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The Brains go to Hell 'N Back

Who: The Brains & Carpenter When: Sunday, May 31 Where: Garfinkel's Cost: $10 in advance at Billabong, Katmandu & The Hub Garnering praise like, "This band is going to kick down your door, eat your brains and start a pit in your living room -

Who: The Brains & Carpenter

When: Sunday, May 31

Where: Garfinkel's

Cost: $10 in advance at Billabong, Katmandu & The Hub

Garnering praise like, "This band is going to kick down your door, eat your brains and start a pit in your living room - and you'll like it," from the punk music source, Interpunk, you can bet that The Brains have what it takes to rock a room, even in a party-hardy town like Whistler.

It's really no mystery, with guys like Frank O'Brains on drums, Johnny Montreal manning the bass, and the undead Rene De la Muerte leading the bunch, that every show is jam-packed with good, clean psychobilly fun and costumed craziness.

"Its 110 per cent pure energy," O'Brains said. "We put everything we have into our live sets. We do our best to entertain and we're really into what we do, so it shows we're on stage. We move around, talk to the audience, make them sing along - just really make a big party and everyone's invited!"

On Monday morning, the three-piece group was on the road making its way from Lethbridge, Alberta, accompanied by their roadie, Chris, to Kelowna for yet another stop along their western tour.

The Brains have played Whistler before - two times, actually - and say that playing to a young, open-minded crowd is a positive experience.

"The last time we played there it was great - it was packed and people liked us a lot," O'Brains recalled.

But before The Brains came to be, Montreal and O'Brains actually played in another band, The Ripchords, back in the early '90s. The two became good friends through their musical pursuits, and about 20 years later, finally decided to try their hand at a different genre, a far different genre: psychobilly.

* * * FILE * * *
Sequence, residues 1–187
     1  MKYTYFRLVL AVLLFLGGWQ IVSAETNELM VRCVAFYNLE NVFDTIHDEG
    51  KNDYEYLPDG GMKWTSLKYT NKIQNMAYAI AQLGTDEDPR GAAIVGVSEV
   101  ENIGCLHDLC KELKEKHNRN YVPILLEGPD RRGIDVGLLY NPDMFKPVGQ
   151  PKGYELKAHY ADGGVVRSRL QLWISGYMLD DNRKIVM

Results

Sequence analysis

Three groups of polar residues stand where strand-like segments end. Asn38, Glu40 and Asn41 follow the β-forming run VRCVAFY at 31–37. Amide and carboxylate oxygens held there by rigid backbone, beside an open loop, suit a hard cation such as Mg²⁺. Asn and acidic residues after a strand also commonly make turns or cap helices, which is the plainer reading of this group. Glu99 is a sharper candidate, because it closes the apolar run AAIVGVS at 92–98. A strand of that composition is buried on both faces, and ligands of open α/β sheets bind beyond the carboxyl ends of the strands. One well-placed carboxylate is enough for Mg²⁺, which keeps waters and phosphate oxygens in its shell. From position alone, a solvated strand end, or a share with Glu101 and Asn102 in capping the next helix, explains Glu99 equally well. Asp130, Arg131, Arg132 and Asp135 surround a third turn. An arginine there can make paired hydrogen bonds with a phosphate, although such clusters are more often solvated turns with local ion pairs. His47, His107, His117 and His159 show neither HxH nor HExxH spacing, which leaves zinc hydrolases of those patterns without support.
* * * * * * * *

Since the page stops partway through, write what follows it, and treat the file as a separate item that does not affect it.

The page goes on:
De la Muerte points out that alcohol played a key role in uniting the three to become The Brains 10 years ago in their hometown of Montreal.

"We used to get drunk at this bar..." he recalled. "We became friends and started playing music together."

Essentially, the three were drawn to the world of psychobilly, which is riddled with overtones of horror and punk, because it seemed to be fun. And that's really the name of the game for this band: fun.

"It's easy: we want to go, play, have fun and hopefully people who come to the shows have fun, too," O'Brains said.

Over the years, the group has had the chance to collaborate with and perform alongside a number of other well-known psychobilly groups, like The Creepshow. And though they definitely look the part, O'Brains points out that their sound is distinctly pure punk rock.

"We're closer to punk bands than psychobilly, really," he said. "So when we write songs, it's very raw and pure."

While not exactly a mainstream genre for most - as Montreal puts it, "it's a subculture of a subculture" - psychobilly has gained a pretty solid following over the years. The genre seems to be getting stronger and stronger as psychobilly groups are able to reach out to new audiences using powerful tools over the web, and The Brains hope to keep recruiting more zombies through their recorded work and their infectious live performances.

"More brains," O'Brains said with an evil laugh.

Metal, rock, punk and psychobilly fans come out in droves to see what The Brains have in store.

"It's all about fun, and it includes all the things we like in life. We like cheesy horror movies, '50s rock and roll bands, the energy of the punk rock," De la Muerte explained. "So we just mixed it together, and it's psychobilly, actually."

De Le Muerte actually discovered the genre at the tender age of 15, while he was playing more of a rockabilly style. Then he was introduced to the distinct sound of none other than Reverend Horton Heat (a.k.a. Jim Heath.)

"Their sound was like very rockabilly with a little more distortion," De Le Muerte explained. "It kinda sounded cool so I started trying it, too."

Combining elements of '50s rock, country, and old school punk was an appealing proposition for all three members. Basically, they were able to create the perfect musical storm. Plus, they got to be zombies.

"That's awesome, because we can never die," De la Muerte said with a  laugh. "We are real zombies in real life, too."

These guys truly get into character for each and every show, decked out in full human flesh-eater attire, with some serious makeup. A gimmick to some, but for them, its become a necessary element.

They started the band during the spring months, and just happened to be ready for their first live performance on Halloween. So, they decided to dress up like zombies, adding another visual element to their performance to keep the audience fully engaged. And the personas just stuck.

"We haven't stopped from that day - it's the same day forever, now. It's always Halloween," De la Muerte said. "Actually, we played one show without the makeup and we sucked."